5. Hidden price stabilization

Recent reports of sales prices often seem to assert that these sales prices are representative of the value of housing in general. First, that’s just what sold that month. Since distressed properties make up much of the market, it stands to reason that those prices would reflect smaller square footage and a discount equivalent to the cost of rehabilitation.

Some homes are more desirable than others. What about those homes with extra features or those located in good school districts? Are their prices holding? If so, your community may be on its way to recovery.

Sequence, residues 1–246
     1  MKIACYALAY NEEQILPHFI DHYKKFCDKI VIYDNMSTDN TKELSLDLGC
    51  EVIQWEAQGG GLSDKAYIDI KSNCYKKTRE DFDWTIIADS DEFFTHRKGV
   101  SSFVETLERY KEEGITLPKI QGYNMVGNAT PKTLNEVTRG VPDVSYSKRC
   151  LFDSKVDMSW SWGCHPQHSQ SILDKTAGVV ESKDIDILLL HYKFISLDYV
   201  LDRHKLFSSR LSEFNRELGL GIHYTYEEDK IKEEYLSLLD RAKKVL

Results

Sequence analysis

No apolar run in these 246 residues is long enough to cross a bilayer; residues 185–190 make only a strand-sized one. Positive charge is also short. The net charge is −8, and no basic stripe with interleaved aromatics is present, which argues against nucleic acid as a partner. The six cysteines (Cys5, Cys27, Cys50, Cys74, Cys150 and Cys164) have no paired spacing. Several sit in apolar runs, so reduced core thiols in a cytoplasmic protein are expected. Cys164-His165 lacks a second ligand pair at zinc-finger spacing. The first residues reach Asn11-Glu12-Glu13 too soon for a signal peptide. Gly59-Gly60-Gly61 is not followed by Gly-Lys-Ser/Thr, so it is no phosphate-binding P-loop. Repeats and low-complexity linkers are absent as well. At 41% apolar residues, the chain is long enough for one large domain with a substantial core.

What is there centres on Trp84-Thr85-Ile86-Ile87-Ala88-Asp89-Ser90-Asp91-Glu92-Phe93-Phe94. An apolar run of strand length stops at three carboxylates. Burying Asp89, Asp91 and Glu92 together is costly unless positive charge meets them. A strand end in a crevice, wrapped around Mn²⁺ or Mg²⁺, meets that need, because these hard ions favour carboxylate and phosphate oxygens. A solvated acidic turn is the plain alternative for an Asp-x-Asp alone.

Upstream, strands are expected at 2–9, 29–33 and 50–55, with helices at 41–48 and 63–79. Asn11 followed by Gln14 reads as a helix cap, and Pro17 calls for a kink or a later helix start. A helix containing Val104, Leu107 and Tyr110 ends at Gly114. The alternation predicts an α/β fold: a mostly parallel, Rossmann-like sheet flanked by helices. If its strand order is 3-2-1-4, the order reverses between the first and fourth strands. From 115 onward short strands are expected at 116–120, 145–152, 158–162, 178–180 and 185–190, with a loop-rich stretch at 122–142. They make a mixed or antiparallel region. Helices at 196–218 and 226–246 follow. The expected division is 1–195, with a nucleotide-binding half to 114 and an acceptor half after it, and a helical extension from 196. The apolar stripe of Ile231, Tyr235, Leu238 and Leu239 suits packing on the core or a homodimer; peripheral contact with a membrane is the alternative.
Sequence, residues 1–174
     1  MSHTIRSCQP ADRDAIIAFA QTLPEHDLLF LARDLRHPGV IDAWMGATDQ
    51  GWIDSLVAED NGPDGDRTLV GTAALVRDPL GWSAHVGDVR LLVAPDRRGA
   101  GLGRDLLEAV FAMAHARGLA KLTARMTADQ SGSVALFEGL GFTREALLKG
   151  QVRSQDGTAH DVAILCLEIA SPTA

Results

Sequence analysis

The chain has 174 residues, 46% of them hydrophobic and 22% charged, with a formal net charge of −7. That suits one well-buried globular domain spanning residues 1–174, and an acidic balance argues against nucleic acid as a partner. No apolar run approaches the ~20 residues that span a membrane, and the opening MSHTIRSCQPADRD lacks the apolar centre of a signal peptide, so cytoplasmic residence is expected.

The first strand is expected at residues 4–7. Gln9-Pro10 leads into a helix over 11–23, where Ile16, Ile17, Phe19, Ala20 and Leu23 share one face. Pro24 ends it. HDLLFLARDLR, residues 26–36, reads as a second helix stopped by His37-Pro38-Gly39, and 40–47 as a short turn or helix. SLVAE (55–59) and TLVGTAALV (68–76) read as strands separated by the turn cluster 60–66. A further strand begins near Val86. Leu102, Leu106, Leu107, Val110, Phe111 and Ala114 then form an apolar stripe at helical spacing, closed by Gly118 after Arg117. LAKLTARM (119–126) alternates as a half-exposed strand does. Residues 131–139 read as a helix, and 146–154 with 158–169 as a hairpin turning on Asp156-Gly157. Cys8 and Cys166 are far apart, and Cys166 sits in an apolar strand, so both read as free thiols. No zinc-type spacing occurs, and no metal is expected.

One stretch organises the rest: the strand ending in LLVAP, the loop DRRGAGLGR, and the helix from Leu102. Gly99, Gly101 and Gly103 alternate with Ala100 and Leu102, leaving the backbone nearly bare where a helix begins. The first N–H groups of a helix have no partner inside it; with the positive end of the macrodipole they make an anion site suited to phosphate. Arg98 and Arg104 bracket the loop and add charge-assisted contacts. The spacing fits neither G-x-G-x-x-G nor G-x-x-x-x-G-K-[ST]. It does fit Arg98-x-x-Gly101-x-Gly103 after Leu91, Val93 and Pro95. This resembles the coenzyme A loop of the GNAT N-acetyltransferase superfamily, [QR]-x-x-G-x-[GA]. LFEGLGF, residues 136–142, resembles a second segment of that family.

For potential buyers, finding bottom is less important than knowing that it is near. While it is impossible, given our unprecedented circumstances, for anyone to say for certain when prices will begin to rise in each community, the buyer who knows the signs of recovery will already be settled into the opportunity of a lifetime. In growing communities, housing must and will return to the cost of replacement or new construction.

George W. Mantor is known as “The Real Estate Professor” for his wealth building formula, Lx2+(U²)xTFP=$? and consumer education efforts. During a career that has spanned more than three decades, he has amassed experience in new home and resale residential real estate, resort marketing, and commercial and investment property. He is currently the founder and president of The Associates Financial Group, a real estate consulting firm.